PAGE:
There were a few moments of silence, then the solemn strains of a hymn began drifting across the water. It was with a perhaps unintended irony that Hartley chose a hymn that pleaded for the mercy of the Almighty, as the ultimate material conceit of the Edwardian Age, the ship that “God Himself couldn’t sink,” foundered beneath his feet. As the band played, the slant of the deck grew steeper, while from within the hull came a rapidly increasing number of thuds, bangs and crashes as interior furnishings broke loose, walls and partitions collapsed–the Titanic was only eight minutes from breaking apart, then the entire band was washed away by a sudden wave.

At first, it was said that the last music played by the Titanic‘s band was either the Episcopalian hymn “Autumn” or the popular waltz “Songe d’Automne.” However, the evidence for this rested solely on the uncorroborated testimony of Harold Bride, who told a reporter for the New York Times that the last song he remembered the band playing was called “Autumn.” This is a brief part of his testimony:

“From aft came the tunes of the band. It was a rag-time tune, I don’t know what. Then there was “Autumn”…The big wave carried the boat off. I had hold of an oarlock, and I went off with it…The ship was gradually turning on her nose—just like a duck does that goes down for a dive. I had only one thing on my mind—to get away from the suction. The band was still playing. I guess all the band went down. They were playing “Autumn” then…The way the band kept playing was a noble thing. I heard it while still we were working wireless, when there was a ragtime tune for us, and the last I saw of the band, when I was floating out in the sea with my lifebelt on, it was still on deck playing “Autumn.” How they ever did I cannot imagine."

Bride, though, was the only person with that recollection, he only mentioned it once, and he never specified if he meant the hymn or the waltz. Moreover, despite the credence given him by some later historians, Bride was never the most reliable or consistent witness, and here his “memories” have to be taken with a rather large grain of salt. Tellingly, neither piece of “Autumn” music, the hymn or the popular waltz, is listed in the White Star Line’s music book for 1912. Also significant is that the hymn is not called “Autumn,” only the melody (much like the melody of the hymn “O God, Our Help in Ages Past” is known as “St. Anne’s”), and usually only a professional musician will refer to a piece of music that way–certainly not an 18-year old wireless operator. So without some sort of supporting or collaborating evidence, any piece of music named “Autumn” can be dismissed as the Titanic‘s orchestra’s last musical performance.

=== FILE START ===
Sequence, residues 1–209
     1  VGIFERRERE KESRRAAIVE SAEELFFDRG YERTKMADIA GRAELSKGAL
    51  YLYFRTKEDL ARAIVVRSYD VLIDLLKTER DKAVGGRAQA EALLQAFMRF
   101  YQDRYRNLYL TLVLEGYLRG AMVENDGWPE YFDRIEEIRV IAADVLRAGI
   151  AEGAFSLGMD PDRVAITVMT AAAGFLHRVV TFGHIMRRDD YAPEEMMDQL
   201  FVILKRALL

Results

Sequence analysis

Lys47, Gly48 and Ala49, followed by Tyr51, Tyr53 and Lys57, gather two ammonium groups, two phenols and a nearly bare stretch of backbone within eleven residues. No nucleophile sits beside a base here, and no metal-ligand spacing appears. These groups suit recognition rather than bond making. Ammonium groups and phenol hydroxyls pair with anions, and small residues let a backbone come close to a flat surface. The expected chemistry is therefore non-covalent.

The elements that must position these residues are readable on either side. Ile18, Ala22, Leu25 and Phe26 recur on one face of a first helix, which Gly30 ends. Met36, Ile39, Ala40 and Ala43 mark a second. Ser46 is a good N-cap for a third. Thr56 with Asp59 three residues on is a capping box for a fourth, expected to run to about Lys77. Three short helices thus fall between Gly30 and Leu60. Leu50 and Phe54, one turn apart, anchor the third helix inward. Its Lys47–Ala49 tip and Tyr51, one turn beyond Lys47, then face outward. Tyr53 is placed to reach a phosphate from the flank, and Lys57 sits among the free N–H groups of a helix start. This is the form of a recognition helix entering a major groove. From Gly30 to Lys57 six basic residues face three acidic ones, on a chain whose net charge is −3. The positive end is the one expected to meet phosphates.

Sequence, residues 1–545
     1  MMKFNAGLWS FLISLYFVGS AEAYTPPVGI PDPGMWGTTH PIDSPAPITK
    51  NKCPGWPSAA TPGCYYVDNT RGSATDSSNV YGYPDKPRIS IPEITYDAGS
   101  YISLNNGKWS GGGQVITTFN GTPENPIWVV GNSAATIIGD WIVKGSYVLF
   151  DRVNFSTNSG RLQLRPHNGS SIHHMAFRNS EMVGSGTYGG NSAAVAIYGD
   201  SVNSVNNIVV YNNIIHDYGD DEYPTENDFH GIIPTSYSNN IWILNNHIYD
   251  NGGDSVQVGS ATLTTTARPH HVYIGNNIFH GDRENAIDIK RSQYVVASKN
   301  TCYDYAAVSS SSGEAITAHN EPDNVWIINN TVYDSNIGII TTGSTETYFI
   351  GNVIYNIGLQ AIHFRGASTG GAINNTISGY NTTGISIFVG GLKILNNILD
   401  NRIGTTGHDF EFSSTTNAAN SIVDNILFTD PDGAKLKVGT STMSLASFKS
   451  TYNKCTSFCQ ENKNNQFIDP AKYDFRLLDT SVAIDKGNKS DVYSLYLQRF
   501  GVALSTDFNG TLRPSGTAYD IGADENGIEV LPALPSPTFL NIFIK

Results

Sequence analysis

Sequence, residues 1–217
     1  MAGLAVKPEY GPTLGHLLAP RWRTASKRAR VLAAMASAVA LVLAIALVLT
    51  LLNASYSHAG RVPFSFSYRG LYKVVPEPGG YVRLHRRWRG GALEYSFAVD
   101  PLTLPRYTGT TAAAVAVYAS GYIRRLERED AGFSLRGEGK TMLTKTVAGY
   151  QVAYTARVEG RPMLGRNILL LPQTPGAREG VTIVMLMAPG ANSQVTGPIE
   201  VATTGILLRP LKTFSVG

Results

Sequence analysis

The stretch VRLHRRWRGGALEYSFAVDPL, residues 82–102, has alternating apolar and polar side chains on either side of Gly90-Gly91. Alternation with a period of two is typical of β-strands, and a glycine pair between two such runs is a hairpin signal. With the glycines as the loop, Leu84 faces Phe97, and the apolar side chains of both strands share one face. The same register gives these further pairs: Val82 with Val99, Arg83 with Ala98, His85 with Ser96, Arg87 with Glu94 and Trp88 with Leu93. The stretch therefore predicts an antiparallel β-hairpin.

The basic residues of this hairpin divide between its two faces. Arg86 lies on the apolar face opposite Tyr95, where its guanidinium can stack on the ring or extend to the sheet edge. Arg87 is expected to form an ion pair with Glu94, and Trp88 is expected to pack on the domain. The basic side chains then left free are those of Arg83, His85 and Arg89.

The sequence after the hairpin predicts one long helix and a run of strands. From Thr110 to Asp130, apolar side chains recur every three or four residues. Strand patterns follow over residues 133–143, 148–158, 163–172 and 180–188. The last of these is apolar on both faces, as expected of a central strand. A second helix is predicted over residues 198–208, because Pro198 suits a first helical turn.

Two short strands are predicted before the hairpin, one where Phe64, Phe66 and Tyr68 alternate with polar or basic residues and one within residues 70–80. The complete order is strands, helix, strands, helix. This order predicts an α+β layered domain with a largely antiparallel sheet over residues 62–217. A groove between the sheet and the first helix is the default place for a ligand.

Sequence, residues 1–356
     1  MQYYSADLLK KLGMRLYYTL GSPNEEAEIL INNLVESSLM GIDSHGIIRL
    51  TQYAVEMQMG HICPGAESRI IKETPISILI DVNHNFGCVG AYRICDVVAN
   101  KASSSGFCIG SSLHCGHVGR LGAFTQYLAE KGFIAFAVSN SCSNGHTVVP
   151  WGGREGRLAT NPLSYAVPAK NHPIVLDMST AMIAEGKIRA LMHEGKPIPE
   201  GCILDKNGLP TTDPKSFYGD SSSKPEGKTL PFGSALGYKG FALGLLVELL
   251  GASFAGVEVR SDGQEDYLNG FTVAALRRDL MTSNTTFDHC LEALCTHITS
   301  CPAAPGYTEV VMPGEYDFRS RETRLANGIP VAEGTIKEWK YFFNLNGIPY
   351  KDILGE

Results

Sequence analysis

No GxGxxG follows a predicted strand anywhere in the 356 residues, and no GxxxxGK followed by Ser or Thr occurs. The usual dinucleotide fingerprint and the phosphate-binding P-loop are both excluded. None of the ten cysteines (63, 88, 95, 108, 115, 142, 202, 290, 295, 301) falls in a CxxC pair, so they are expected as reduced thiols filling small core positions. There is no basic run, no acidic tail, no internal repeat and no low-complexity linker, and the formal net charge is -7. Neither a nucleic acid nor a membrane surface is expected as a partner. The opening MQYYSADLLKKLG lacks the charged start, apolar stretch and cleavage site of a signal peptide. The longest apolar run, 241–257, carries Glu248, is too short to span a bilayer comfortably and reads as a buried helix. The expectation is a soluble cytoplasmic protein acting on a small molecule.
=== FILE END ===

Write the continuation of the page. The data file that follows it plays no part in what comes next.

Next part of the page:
A very strong case can be made, however for “Nearer, My God, to Thee,” which legend has always said was the last music played aboard the Titanic. It is commonly believed to be the last song because there are a number of accounts of survivors who recalled hearing the hymn “Nearer, My God, to Thee,” and therein lies a tale. Commentators who have rigidly committed to the “‘Autumn theory’” are quick to point out that there are two melodies associated with “Nearer My God to Thee;” one (“Bethany”) is American, the other (“Horbury”) is British, the two sound distinctly different from each other and are impossible to confuse–yet both American and British survivors claimed to have heard “Nearer My God to Thee” being played by the ship’s orchestra. What those same commentators fail to mention is that there is a third melody for “Nearer My God to Thee,” called “Propior Deo,” composed by Sir Arthur Sullivan, and it is here that the mystery of the last music played by Wallace Hartley and his fellow musicians finally begins to unravel itself. The melody “Propior Deo” would have been well known to the British passengers aboard the Titanic, and in passages it sounds very similar to “Bethany”–and nothing at all like “Horbury.” In the noise and confusion of the night, it would hardly be surprising if both Americans and Britons, hearing only snatches of music, would both believe that they were hearing the version of “Nearer, My God, to Thee” with which they were most familiar. All the members of the Titanic's band, save for one French member, were British. Thus the American version is out of the question. The leader of the band, Wallace Hartley, was a Methodist, and so was yet another member of the band. And so the possible versions of "Nearer My God To Thee" that could have been played that night are the British and the British Methodist versions.